During the anticipation phase, three different geometric figures, were presented as cues announcing either the VSS clip (CueVSS), the control clip (CueControl) or a black screen (CueNone, see also Fig. 1). The assignment of the geometric figures to the potential outcomes (VSS clip, control clip, none) was randomized across participants. We used geometric figures as cues to ensure that there were no previous associations between these cues and VSS. The participants were informed about the associations between cues and videos before the fMRI experiment. These associations were trained in 21 exercise trials outside the scanner. After one of the cues was visible for 4 s, a fixation cross followed for a variable interstimulus interval of 1–3 s. Then the target stimulus (white square, 200 × 200 pixel) was shown between 16 ms (minimum) and 750 ms (maximum). Regardless of the previously presented cue, the instruction was to respond to the target as quickly as possible by pressing a button. If CueVSS or CueControl appeared and the participants pressed the button while the target stimulus was visible, the participants “won” a film clip. The target was followed by the presentation of another fixation cross for a variable interstimulus interval of 0–2 s. Subsequently, the participants were shown a VSS clip, a control clip or a black screen for a duration of 6 s. The exercise trials before scanning also served to calculate the individual average reaction times (meanRT) and standard deviations (SDRT) to determine the presentation times of the target stimulus (win: meanRT+2 × SDRT; no win: MeanRT–2 × SDRT). Wins were planned for approximately 71% of VSS and control trials (15 out of 21 trials), while nothing trials were never combined with a win. The first three trials presented CueControl, CueVSS, and CueNone in random order. These CueControl and CueVSS trials were always planned as winning trials. After the first three trials, subblocks of 6 trials each were formed (2 × CueControl, 2 × CueVSS and 2 × CueNone). Between winning trials (VSS winning trials or control winning trials) no more than 5 other trials (other winning trials or none trials) were allowed. The same condition could be presented a maximum of 2 times in a row. The presentation of the target stimulus was adjusted online by subtraction or addition of 20 ms each if the participants won in unplanned trials or did not win in planned trials to ensure the reinforcement rate in future trials. VSS trials and control trials, which did not result in outcomes as planned, were repeated in scheduled trials with the new duration of target presentation.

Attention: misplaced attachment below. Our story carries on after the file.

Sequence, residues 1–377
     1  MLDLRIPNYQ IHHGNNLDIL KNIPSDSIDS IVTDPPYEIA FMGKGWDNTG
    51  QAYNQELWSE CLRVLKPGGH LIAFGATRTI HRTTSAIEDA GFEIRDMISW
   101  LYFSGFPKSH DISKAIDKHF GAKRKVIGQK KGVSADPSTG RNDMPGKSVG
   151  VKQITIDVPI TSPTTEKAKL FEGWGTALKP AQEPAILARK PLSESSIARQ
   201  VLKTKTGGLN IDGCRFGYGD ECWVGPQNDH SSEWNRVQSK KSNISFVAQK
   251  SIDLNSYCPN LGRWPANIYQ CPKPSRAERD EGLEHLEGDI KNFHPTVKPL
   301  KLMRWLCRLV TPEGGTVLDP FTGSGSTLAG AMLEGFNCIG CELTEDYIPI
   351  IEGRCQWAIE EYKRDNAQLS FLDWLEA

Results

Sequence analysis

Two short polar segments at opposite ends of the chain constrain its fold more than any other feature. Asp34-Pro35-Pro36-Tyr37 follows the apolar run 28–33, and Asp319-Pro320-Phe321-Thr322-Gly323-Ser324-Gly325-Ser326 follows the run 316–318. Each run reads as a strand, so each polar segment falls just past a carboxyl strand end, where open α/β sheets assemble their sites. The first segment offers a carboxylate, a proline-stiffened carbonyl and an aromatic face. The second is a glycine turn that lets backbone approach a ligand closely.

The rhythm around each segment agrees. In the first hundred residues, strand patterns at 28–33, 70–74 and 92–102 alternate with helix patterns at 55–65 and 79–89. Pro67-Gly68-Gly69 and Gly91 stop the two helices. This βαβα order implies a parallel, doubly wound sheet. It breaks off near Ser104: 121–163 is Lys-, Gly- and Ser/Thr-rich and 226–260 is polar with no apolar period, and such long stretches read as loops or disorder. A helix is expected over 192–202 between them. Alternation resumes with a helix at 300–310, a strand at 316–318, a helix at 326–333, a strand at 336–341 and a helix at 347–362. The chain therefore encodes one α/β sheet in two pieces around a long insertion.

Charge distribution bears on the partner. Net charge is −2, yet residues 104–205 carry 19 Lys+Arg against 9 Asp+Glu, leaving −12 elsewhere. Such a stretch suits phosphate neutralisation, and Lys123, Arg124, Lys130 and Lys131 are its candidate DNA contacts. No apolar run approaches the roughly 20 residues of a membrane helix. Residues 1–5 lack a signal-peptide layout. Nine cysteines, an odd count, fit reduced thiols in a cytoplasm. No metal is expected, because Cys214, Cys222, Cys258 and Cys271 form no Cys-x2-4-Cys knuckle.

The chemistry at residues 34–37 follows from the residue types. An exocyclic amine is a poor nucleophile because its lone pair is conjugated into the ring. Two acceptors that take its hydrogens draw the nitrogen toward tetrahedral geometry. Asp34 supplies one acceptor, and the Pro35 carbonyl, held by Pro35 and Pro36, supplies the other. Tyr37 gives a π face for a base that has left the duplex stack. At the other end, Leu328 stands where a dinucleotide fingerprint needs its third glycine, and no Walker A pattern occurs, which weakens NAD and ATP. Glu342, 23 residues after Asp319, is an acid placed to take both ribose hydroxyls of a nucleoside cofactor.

Fig. 1.
Fig. 1.

Sexual Incentive Delay Task. During the anticipation phase, the participants saw a cue (geometric figure). Following a variable time interval, a target was presented for a short time, to which the participants were asked to react as quickly as possible by pressing a button. If the cue in the anticipation phase was a CueVSS or a CueControl, a corresponding video could be obtained by reacting quickly to the target (see also Klein et al., 2020)

Citation: Journal of Behavioral Addictions 10, 1; 10.1556/2006.2021.00018

Assessment of psychometric data

After the SIDT, participants rated their current level of sexual arousal on a 9-point Likert-scale while still inside the scanner. The film clips were rated using Self-Assessment-Manikin scales (Bradley & Lang, 1994) for valence (from 1 = very unpleasant to 9 = very pleasant) and sexual arousal (from 1 = not sexually arousing to 9 = very sexually arousing) after leaving the scanner in a separate room.

The time spent on watching VSS in everyday life was assessed with the item “How much time did you spend on consuming pornography, basing your answer on the last month?”. The participants were able to choose hours and min “per month”, “per week” or “per day” to specify their answer. Prior to analyses, different answer formats were converted into “hours per month”.

PPU was measured by German versions of the short Internet Addiction Test (s-IAT) (Pawlikowski, Altstötter-Gleich, & Brand, 2013) modified for cybersex (s-IATsex; Laier et al., 2013) and by the Hypersexual Behavior Inventory (HBI; Reid, Garos, & Carpenter, 2011). Internal reliability of the collected questionnaire data was calculated for the current sample. Each of the twelve items of the s-IATsex is rated on a 5-point Likert scale ranging from 1 (never) to 5 (very often). The total score (s-IATsex sum, 12 Items, Cronbach's ɑ = 0.90) ranges from 12 to 60. Two subscales can be additionally calculated: loss of control (6 items, Cronbach's ɑ = 0.89) and craving (6 items, Cronbach's ɑ = 0.73). The HBI consists of 19 items rated from 1 (never) to 5 (very often) with a total score (HBIsum, 19 items, Cronbach's ɑ = 0.89) ranging from 19 to 95. Three subscales can be calculated: control (8 items, Cronbach's ɑ = 0.89), coping (7 items, Cronbach's ɑ = 0.84) and consequences (4 items, Cronbach's ɑ = 0.76). Internal consistencies were in acceptable to good ranges in the present study (see data above).

Trait sexual motivation was measured by the Trait Sexual Motivation Questionnaire (TSMQ; Stark et al., 2015). The TSMQ consists of 35 items loading on 4 subscales: solitary sexuality (10 items, Cronbach's ɑ = 0.77), importance of sex (15 items, Cronbach's ɑ = 0.89), seeking sexual encounters (4 items, Cronbach's ɑ = 0.92), and comparison with others (6 items, Cronbach's ɑ = 0.86). Further, a general index for trait sexual motivation (TSMQmean) can be calculated as the mean of all 35 items (Cronbach's ɑ = 0.91). Each item is rated on a 6-point Likert scale ranging from 0 (not at all) to 5 (very much). The participants are instructed to relate their statements to the last five years. The term “sexual motivation” used in this scale includes sexual activities with a partner as well as solitary sexual activities. Higher values indicate higher trait sexual motivation.